Rhimes uses these scenes to bring up a major point that is sometimes ignored, which is that black women tend to wait until they are home, or away from a group of people to reveal their natural hair. Some people may believe it is due to shame for not having the ideal straight and long hair or soft bouncy curls that white women naturally possess, and because of this they do not show it off. Others think it is because “black hair” is looked at as unprofessional.
While Shonda Rhimes brings up a valid point through her TV shows, there are real life instances in which many African American women, or women with thicker and curlier hair has been giving a hard time in the work place because of the way their hair looks. According to the book Racism, Sexism, and the Media by Clint C. Wilson II:
“As a news anchor and reporter she found that station management would enforce hair and dress codes that would essentially mute her African American heritage. When she wore her hair naturally she was told that it was ‘unprofessional’, and that she needed to ‘Angilicize’ her hair” (Wilson 218).
This was about a former NBC and CBS news anchor named Libby Lewis who spoke on the struggles of being an African American in the professional world. Media plays a big part in this because people are so used to seeing what looks professional and normal on TV in professional scenes that they incorporate that into everyday life and give people with thicker, and curlier textured hair are a hard time for something that should not be frowned upon being that they are born with it. Libby Lewis is one of the many women who get called out at work for having issues they cannot fix. Even in the army, a woman must wear her hair only two inches above their head or in buns. However, the way 4a/4b natural hair grows, it is very hard, almost impossible at times, for a woman’s hair to grow downward so that it isn’t two inches above her head. The thickness of 4a/4b hair also gives women a difficult time putting their hair in buns, which is a style seen as professional.
Another issue that African American women deal with is their skin tone. African American skin color tones range from very light, to very dark, causing a lot of controversy within the black community also because of the big deal that has been made about their skin complexions. Pop culture has also played a role in this due to the negative things being said about black women of darker skin tones, and the excess attention and screen-time that women of lighter skin get. This has led to an on-going inner battle that many black women with darker skin go through because of their feelings of lack of acceptance by other people in the media.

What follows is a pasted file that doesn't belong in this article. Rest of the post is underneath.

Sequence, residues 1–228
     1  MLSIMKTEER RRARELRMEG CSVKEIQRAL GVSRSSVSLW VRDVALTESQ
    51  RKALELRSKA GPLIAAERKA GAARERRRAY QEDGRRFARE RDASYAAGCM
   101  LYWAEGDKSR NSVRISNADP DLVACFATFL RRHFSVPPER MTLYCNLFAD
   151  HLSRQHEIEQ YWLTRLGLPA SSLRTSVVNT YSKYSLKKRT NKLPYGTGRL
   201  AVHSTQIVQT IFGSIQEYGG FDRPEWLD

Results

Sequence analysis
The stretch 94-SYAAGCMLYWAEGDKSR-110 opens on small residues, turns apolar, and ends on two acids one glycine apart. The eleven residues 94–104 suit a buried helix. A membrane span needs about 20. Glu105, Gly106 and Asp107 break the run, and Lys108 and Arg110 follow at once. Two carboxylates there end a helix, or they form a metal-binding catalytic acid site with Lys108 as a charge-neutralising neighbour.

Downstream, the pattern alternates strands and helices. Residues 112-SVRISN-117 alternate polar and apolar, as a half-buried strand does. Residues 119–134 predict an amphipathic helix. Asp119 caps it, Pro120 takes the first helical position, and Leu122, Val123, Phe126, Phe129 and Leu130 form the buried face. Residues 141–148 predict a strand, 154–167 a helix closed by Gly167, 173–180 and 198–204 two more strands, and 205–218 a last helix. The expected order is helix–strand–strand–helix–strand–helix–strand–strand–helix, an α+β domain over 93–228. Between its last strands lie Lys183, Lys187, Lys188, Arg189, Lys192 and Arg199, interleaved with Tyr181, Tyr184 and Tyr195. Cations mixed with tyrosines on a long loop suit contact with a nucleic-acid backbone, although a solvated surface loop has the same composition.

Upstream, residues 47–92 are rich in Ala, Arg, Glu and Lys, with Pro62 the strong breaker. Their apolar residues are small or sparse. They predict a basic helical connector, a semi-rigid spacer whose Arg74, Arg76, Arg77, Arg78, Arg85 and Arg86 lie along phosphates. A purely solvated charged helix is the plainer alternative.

Hip Hop and R&B music plays a big role in the black community, and when watching videos and listening to lyrics, it is noted that derogatory statements are sometimes made about “ dark skin women” and most women of lighter skin, and Latinas get more roles in these music videos as opposed to darker skinned black women. In the song “Right Above It” by rapper Lil Wayne, he raps, “Beautiful black woman / I bet that bitch looks better red” (Lil Wayne 42-43). When the rapper says “red” he is talking about what people call a “red-bone,” which is a woman of yellow, or lighter skin. These lyrics are offensive because they bring down darker skinned women. Why can’t darker skinned women be just as beautiful as lighter skinned women? In the book The Three Dimensions of A Magnificent Black Woman: An Inspiration To Succeed, it states that:
“Society and regard the European standard for beauty, which is light skin, thin lips, thin nose and straight hair, as standard; therefore, it is hard for some our black women to feel good about their natural appearance. Beauty is so diverse that no particular characteristic personifies it. Have we regressed in our culture to a time when it was thought that whites were superior because of the color of their skin? Have we gone back to a time of the Willie Lynch idea that the house slave was regarded as better because he/she was lighter in skin color than their darker skinned field hands?” (Nealy 36).
This quote describes the characteristics that many black women today feel are beautiful because it is what is force fed to them through magazines, television, and music. When a person sees less of themselves, or people like them, and more of a certain kind they start to question their own beauty, and begin to want to look more like what they see.